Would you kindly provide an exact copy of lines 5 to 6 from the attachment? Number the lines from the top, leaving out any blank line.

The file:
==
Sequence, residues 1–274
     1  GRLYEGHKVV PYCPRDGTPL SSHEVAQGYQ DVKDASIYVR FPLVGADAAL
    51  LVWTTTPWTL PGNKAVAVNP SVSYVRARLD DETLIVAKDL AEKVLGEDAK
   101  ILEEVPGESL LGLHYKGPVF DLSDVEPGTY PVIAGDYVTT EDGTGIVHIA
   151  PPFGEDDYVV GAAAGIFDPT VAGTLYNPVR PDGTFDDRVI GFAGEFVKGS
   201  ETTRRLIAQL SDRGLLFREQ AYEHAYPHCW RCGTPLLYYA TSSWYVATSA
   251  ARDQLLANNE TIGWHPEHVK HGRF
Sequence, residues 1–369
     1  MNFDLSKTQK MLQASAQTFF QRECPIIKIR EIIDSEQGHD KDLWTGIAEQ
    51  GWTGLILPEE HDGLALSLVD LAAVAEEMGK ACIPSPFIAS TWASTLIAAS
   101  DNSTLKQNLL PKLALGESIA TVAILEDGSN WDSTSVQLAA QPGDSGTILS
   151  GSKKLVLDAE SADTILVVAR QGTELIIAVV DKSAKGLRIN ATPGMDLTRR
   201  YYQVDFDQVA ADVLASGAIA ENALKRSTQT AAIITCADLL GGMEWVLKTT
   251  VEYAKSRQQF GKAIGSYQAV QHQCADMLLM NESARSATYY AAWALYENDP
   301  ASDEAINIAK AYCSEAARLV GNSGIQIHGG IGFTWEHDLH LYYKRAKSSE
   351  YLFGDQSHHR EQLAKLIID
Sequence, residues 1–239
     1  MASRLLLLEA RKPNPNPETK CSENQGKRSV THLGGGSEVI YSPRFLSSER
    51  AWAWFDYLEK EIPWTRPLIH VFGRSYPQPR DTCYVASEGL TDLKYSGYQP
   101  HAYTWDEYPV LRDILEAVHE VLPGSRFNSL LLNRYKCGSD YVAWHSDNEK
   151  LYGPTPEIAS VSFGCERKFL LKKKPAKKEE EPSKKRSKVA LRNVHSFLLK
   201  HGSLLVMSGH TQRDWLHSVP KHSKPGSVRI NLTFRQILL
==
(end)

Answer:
   151  PPFGEDDYVV GAAAGIFDPT VAGTLYNPVR PDGTFDDRVI GFAGEFVKGS
   201  ETTRRLIAQL SDRGLLFREQ AYEHAYPHCW RCGTPLLYYA TSSWYVATSA